[Featured Photo: The Sino-Singapore Dialogue Speakers. From right: Ms Yeo Lian Sim (panelist), Vice Chair of the Taskforce on Climate-Related Financial Disclosures (TCFD), Special Advisor on Diversity, Singapore Exchange (SGX), Singapore; Professor Ang Hak Seng (moderator), Director for the Centre of Excellence for Social Good at the Singapore University of Social Sciences (SUSS), Adjunct Professor with Nanyang Centre for Public Administration, NTU; Major General (Ret’d) Restituto F. Padilla Jr (Panelist), Executive Director for Corporate Public Policy, Risks and Sustainability, PTC, the Philippines; and Dr Chu Tien Dat (panelist), Vice Director of International Cooperation Department, Vietnam Cooperative Alliance, Vietnam.]
Sustainable Development of China and ASEAN in a VUCA World
The 12th Stratagem Group – Nanyang Technological University (NTU) Sino-Singapore Dialogue was held on 25 November 2022, in conjunction with the 30th Anniversary of Nanyang Centre for Public Administration (NCPA) and the 15th Anniversary of Lien Ying Chow Legacy Fellowship’s (LYCLF). The Sino-Singapore Dialogue was themed “Sustainable Development of China and ASEAN in a VUCA World” and involved international speakers from the Philippines, Vietnam and Singapore. In addition to the more than 70 guests attending the event at the conference venue at Marine Bay Sand in Singapore, some 200 guests across multiple industries and countries from the region registered for on-line participation.
Professor Ang Hak Seng, Director for the Centre of Excellence for Social Good at the Singapore University of Social Sciences (SUSS), Adjunct Professor with Nanyang Centre for Public Administration, NTU, moderated the dialogue and provided the background and context. Professor Ang said that as the world transitions into post-COVID, it is facing increasing uncertainty and complexity with a wide range of issues, such as Sino-US tensions, Russia-Ukraine war, heightened protectionism, climate change, energy security, inflation and food security. Governments and businesses alike are forced to learn how to navigate an international environment that is volatile, uncertain, complex and ambiguous (VUCA) in order to maintain their competitiveness and relevance. Global interconnectedness in today’s world means that ASEAN will inevitably be affected by these global events, and leaders in the region must constantly adapt to ensure their countries and people are not adversely impacted. This Sino-Singapore Dialogue provided opportunities for government officials, international affairs practitioners, academics, and businessmen to share their thoughts on how countries could strengthen their policies and institutional structures for sustainable development in both ASEAN and China.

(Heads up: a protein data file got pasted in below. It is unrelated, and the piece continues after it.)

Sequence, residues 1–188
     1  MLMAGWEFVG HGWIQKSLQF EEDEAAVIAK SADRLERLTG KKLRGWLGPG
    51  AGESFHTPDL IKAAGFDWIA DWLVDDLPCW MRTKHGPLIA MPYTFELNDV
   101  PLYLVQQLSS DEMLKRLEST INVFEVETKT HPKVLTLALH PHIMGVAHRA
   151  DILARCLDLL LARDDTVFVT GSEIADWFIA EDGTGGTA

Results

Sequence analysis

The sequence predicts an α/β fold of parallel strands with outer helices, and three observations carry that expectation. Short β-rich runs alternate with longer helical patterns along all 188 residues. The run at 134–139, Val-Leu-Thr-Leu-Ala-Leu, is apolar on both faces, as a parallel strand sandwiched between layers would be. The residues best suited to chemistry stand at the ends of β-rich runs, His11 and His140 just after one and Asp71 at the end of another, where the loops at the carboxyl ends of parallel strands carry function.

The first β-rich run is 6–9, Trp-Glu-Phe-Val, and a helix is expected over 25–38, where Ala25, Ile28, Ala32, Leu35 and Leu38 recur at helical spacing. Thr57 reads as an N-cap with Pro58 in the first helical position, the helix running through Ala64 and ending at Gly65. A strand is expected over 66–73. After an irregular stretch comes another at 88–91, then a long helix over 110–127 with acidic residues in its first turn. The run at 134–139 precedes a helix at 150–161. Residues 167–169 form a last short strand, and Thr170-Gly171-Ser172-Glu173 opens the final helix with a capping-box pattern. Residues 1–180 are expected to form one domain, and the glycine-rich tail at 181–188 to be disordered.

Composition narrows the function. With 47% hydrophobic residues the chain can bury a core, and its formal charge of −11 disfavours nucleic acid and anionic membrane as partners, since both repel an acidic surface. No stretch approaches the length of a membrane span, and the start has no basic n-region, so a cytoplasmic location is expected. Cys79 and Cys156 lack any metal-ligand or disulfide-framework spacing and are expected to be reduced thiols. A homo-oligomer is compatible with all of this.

Ms Yeo Lian Sim, Vice Chair of the Taskforce on Climate-Related Financial Disclosures (TCFD), Special Advisor on Diversity, Singapore Exchange (SGX) shared her thoughts that private companies are increasingly forced to account for ESG issues in their business operations to ensure sustainability of their businesses. However, it is critical for governments and regulators to play a more active role to enforce uniform adherence by businesses across the different industries and regions. Regulations would be necessary to incentivise private businesses to implement sustainable solutions; otherwise, it will be inevitable that some companies will choose to prioritise their financial performance above sustainability. Ms Yeo shared her hopes that regional regulators can foster closer partnerships to improve the co-ordination and efficacy of their regulatory policies.
Major General (Ret’d) Restituto F. Padilla Jr, Executive Director for Corporate Public Policy, Risks and Sustainability, PTC, the Philippines, highlighted that businesses have shifted from a Just-In-Time model to one that is Just-In-Case, amidst the trend of supply-chain decoupling. This reflects companies’ cognisance of the increasing complexity of operating in different parts of the world. Companies are now forced to prioritise stability and predictability over lean and efficient operations. This would involve companies factoring sustainable development as a primary consideration in their decision-making process, as there would be increasing regulatory and societal risks to their businesses and investments.
Dr Chu Tien Dat, Vice Director of International Cooperation Department, Vietnam Cooperative Alliance, pointed out that it is important for business stakeholders to guard against the trend of greenwashing. Transparent regulations, consistent enforcement and clear metrics are needed to accurately assess and measure sustainability performance. At the same time, there must be sufficient monetary and reputational costs imposed on ESG perpetrators to serve as deterrence. Dr Dat also shared that developed countries, which are more advanced in ESG practices and technologies, have a role to play in partnering developing nations to collectively tackle issues such as climate change. In this regard, carbon taxation would be key to ensuring that policies are equitable to both developed and developing countries such that developing nations would be unfairly penalised for their current state of ESG development.
At the dialogue, the moderator and panelists unanimously concluded that companies, regulators and citizens alike have a part to play to ensure sustainable development in the region. The challenges of today – such as climate change, geopolitical tensions, aging populations, and the fourth industrial revolution – are common and global in nature and this calls for even tighter cooperation and coordination across the various countries and regions. The panel shared their optimism that, going forward, regional countries will be able to adopt a collaborative approach to overcoming sustainability issues faced by the region.